A couple years ago, my aunt and uncle took Kayla and I to visit New York City for the first time. It was a present for our 21st birthday. We shopped around Times Square, saw a show off broadway, hopped on a bus to tour the city, and took a ferry ride to take a closer look at The Statue of Liberty. But the most awe dropping moment of the entire trip was the visit to the Memorial Museum.

I was only 9 when those planes hit the Twin Towers. Mrs. Winsper's fourth grade class was about ready to start at DeMello Elementary. Just before 9 am, she got the phone call. Everyone's lives changed in that moment. I was just a child who vaguely understood what terror took place that day. At 21, I witnessed the loss memorialized in both the North and South Pools. Where two majestic structures once proudly stood in Manhattan, there were now dark reflecting pools listing the names of souls lost on that September Day.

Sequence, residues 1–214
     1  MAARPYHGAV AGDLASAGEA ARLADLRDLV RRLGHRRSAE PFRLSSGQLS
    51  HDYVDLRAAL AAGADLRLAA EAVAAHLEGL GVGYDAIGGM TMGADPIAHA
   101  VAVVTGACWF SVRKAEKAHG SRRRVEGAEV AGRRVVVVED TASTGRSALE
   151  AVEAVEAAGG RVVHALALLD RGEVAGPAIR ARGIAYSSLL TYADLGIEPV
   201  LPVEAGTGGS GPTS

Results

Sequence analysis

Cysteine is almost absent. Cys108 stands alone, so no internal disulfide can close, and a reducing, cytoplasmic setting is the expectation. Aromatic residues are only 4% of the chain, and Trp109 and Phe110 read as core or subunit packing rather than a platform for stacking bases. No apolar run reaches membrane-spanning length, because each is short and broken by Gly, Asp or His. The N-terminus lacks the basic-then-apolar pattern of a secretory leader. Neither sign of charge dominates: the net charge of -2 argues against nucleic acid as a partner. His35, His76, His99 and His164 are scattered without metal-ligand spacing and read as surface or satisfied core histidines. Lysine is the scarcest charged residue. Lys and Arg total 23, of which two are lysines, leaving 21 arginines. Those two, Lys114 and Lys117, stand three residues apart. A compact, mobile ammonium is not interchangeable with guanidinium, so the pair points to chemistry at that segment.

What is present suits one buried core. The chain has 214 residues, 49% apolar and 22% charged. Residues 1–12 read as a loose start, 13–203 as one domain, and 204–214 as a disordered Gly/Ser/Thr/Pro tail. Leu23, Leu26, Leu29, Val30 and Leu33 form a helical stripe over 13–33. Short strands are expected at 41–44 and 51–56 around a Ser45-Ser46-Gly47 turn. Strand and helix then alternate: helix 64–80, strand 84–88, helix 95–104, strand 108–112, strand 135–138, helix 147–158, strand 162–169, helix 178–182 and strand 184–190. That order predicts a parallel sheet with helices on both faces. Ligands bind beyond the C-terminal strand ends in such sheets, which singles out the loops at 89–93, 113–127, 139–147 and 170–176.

South Pool at Ground Zero
South Pool at Ground Zero

One of the most humbling experiences was seeing the Survivor Tree. This was something I knew nothing about before this trip. This pear tree endured the attacks at the World Trade Center on September 11, 2001. A month later, it's snapped roots, burned and broken branches, and damaged frame were discovered in the rubble. New York City Department of Parks and Recreation removed the tree from the area and allowed it to recover under their care. The tree was returned to its home at the Memorial 5 years ago.

The tree's original structure went through hell, but it still grew smooth new limbs that are sturdy and strong. The "Survivor Tree" stands as a "living reminder of resilience, survival and rebirth." it now stands 30 feet tall.

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